Trains are about to go electric.
Battery-electric, that is. While electrical propulsion has been the preferred way to move trains for most of a century, the idea of moving them longer distances via battery is one that’s just now being realized.
Like long-range electric cars, it’s a reality afforded by the energy density and longevity of modern lithium-ion battery packs.
Simply put, the special trains allow some rail routes to go electric where it wouldn’t otherwise be possible.
In Germany, where only about 40 percent of track is electrified, the trains will clean the air along routes that might have been impractical or prohibitively expensive to electrify, the state of Baden-Württemberg has ordered 20 two-car trains built in Germany by Siemens, who will oversee energy consumption and energy costs over a nearly 30-year service period.
It’s the first such order for battery-electric trains for Siemens Mobility, who will deliver them by June 2023. In them, a lithium-ion battery pack is mounted under the train’s floor and is charged while it moves along via overhead lines, using them to both power the train and charge the battery. When the train reaches a stretch of rail with no overhead lines, the battery takes over.
The new trains are part of Siemens’ Mireo train platform for regional and commuter rail—boasting weight reductions and improved aerodynamics. Configurations range from two to seven cars, and top speed, depending on the version, ranges from 87 to 124 mph.
Germany and France are two markets that have started investing in battery-electric trains. Last month another company, Alstrom, announced that it has a first contract to supply battery-electric regional trains for Germany’s Leipzig-Chemnitz line with three-car trains that can cover up to 75 miles and reach a top speed of 99 mph.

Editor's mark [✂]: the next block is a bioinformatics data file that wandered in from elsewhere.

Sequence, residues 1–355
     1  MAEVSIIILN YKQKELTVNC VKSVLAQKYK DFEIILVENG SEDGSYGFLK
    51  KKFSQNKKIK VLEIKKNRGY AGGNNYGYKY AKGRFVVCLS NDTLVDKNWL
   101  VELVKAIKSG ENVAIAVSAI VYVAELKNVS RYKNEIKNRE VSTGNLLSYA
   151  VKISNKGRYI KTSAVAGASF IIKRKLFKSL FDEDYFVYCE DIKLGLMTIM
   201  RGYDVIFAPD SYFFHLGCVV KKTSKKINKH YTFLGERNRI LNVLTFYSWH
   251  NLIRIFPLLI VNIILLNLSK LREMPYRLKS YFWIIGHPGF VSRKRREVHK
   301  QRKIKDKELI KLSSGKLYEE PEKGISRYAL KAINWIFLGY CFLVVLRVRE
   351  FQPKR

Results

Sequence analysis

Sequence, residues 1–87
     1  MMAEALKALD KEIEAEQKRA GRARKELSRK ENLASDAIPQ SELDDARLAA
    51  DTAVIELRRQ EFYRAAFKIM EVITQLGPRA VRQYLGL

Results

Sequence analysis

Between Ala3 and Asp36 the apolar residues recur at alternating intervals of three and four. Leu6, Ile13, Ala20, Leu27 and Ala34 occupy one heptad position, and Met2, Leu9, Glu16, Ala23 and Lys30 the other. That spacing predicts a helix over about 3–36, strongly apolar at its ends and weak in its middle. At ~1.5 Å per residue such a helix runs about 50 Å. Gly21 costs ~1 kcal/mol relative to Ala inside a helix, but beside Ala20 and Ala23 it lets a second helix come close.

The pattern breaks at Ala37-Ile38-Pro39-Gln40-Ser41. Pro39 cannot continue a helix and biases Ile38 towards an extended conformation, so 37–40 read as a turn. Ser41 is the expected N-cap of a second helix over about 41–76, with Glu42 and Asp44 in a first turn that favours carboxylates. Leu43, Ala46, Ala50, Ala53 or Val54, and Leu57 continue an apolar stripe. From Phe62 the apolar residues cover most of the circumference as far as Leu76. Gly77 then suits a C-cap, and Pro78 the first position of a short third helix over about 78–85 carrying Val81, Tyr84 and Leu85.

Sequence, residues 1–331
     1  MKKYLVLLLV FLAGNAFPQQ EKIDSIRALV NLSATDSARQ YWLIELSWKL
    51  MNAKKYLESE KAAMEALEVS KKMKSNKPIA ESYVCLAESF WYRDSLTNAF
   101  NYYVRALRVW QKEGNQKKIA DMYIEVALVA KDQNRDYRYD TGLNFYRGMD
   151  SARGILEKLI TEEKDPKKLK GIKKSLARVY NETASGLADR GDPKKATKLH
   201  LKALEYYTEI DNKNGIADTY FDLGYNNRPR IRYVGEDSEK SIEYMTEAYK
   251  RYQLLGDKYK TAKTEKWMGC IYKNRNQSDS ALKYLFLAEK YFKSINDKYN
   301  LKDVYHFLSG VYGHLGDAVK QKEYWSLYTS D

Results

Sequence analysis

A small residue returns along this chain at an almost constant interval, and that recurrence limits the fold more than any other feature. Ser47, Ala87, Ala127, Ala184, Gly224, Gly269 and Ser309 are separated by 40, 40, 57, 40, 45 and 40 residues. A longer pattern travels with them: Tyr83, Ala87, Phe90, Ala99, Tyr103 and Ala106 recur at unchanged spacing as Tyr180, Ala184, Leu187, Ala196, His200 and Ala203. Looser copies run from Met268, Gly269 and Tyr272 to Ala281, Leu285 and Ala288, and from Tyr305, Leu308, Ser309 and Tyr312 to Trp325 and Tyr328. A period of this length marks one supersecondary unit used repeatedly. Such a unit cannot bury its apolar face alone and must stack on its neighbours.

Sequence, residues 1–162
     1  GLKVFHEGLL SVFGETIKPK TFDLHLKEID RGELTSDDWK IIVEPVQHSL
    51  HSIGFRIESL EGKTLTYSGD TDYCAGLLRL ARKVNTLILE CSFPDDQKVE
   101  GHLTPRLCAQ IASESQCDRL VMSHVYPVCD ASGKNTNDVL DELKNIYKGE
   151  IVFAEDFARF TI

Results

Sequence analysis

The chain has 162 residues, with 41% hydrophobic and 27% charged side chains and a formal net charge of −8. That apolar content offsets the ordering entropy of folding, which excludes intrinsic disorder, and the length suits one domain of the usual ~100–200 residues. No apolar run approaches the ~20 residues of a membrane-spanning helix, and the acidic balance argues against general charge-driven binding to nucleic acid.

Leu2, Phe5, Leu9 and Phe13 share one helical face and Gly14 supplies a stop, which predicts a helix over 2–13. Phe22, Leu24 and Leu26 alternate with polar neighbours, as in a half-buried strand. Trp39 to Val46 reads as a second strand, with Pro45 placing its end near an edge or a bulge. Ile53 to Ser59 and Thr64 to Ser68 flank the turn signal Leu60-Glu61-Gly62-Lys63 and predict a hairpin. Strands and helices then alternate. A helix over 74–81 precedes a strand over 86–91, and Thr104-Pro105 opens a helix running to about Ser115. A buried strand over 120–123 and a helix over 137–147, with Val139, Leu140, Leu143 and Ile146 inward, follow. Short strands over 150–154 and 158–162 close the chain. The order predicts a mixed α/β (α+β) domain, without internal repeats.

That same company has tested hydrogen fuel-cell power as the alternate source instead of batteries. And the Canadian company Bombardier in 2018 launched the Talent 3, an electro-hybrid train that can cover up to 62 miles on non-electrified track, with a modular approach to configuring motors and batteries.
This is a great thing not only for those who live near high-traffic train tracks but for those who travel by train, because in addition to reducing the reliance on oil, there are some indications it can have a profound effect on health.
A Danish study last year found that traveling on a diesel train can expose you to higher levels of harmful ultrafine particulates than standing next to a busy highway. Researchers found six times the levels of black carbon and 35 times the levels of ultrafine particulates inside passenger trains pulled by diesel locomotives versus electric ones.
Holland still remains the leader for rail electrification; it powers 100 percent of its trains on sustainable energy—almost entirely wind power, buffered by energy storage systems.
In the U.S., GE Transportation is working on a battery-electric locomotive, in partnership with BNSF, with a heavy-duty freight-train approach—packing in more than 2,400 kilowatt-hours and potentially going hundreds of miles on battery power.
Electrifying even passenger rail in America—or building new high-speed passenger-rail lines—poses a greater challenge than virtually everywhere else in the world with well-developed railroads. Most U.S. passenger rail lines are shared with freight, and according to the Environmental and Energy Study Institute, less than one percent of all rail miles in the U.S. are electrified, versus more than one-third of global trains.